By OUTLOUD Intern: Greta Acosta
Money comes and goes. Money is often misused and mishandled. Now is the time to seize the moment and learn how to use your money.
The first thing that comes to mind after hearing the word “invest” is the stock market. It is a good place to make some quick cash but it is also risky and difficult to master. So for practice, make some simple investments rather than wasteful choices with your dough. Many people have old baseball cards, beanie babies, or classic movies bought years ago at low prices, which could be sold today for more. Try eBay where you can setup an account, choose an item to sell. For something a little faster but less effective, sell it to a pawnshop. Plan to take half of what you earned on that investment and use it for your next investment.
As easy as this may sound many people, particularly young people do not realize how extravagant some of their spending is. Ever hear of “shopaholics?” It isn’t just a cute term for silly teenage girls spending daddy’s money; it is a nation-wide epidemic that has torn up homes and families with increased debt. Although a truly obsessed person would need to seek professional help the interns can offer some helpful tips.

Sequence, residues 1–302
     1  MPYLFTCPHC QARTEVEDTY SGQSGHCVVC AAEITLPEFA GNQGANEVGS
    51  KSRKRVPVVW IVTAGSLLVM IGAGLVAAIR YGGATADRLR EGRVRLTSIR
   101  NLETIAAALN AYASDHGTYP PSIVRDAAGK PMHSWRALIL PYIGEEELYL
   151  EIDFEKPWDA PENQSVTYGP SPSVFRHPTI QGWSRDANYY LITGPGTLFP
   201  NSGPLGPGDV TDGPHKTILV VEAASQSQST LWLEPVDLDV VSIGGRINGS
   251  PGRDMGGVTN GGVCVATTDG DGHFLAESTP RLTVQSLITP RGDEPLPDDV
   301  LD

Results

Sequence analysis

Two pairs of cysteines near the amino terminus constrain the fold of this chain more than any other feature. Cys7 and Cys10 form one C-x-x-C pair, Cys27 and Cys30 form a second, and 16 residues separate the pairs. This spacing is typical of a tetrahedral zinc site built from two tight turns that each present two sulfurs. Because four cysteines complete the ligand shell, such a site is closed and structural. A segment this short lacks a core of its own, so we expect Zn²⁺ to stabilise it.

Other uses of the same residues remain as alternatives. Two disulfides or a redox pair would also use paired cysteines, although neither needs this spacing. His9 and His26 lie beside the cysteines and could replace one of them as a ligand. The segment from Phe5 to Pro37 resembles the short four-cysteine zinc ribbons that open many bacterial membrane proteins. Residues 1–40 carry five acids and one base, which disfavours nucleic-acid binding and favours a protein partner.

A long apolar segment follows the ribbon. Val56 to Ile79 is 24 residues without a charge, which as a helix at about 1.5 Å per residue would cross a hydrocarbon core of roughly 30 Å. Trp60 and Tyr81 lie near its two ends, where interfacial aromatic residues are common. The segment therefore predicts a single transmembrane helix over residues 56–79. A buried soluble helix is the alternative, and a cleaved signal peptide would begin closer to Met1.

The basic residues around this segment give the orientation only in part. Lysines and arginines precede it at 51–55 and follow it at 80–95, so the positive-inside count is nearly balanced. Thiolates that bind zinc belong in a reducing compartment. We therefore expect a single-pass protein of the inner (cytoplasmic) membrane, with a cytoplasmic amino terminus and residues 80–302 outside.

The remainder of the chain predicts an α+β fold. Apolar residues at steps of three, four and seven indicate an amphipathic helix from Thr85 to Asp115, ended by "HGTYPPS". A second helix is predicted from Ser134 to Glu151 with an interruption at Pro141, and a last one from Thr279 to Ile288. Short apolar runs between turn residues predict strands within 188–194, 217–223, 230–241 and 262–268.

1. Labels are not that important. Tell yourself this everyday. Ask yourself, “Do I want this because I like it or because it has a brand name label on it?”
2. Work on a budget. Before you step foot outside your door, decide how much you are willing to spend and stick to it at all costs – even if it means leaving some money at home to control yourself.
3. Some things are too expensive. Reflect on this and define your own meaning of “too much” and “just right.” Here at the Interns’ Outlook, Greta will not spend more then $69.00 on a pair of jeans while Becky limits herself to $49.
4. Don’t go shopping because there is nothing else to do. If you are bored, try some arts and crafts or exercise but do not go to the mall. Train yourself only to go to the mall when you need to buy something.
Learn to develop your taste for money saving. Just like one can become addicted to spending, saving is also addicting. Get a bank account so instead of cashing your checks deposit them. A person under 18 can get a joint account with a parent so don’t let that hold you back.
For example, before having a checking account I would cash my checks from work at one of those money stores and spend the 300 some odd dollars right away. My bank account has really helped me control and take notice of my spending.
Some say America runs on them, that’s fine, but don’t live off them. A simple rule for economics, do not spend more than you make. First of all, one or two cards is understandable, so limit yourself. Don’t apply for every card that comes in the mail or is offered to you by department store employees. It’s harder to keep track of six cards than it is two. Next, if you do apply for one, consider it carefully. Be aware of the interest rate and any late fees. Remember your credit history stays with you. Lastly, be careful. Identity theft is real so cut up all your documents or store them somewhere safe.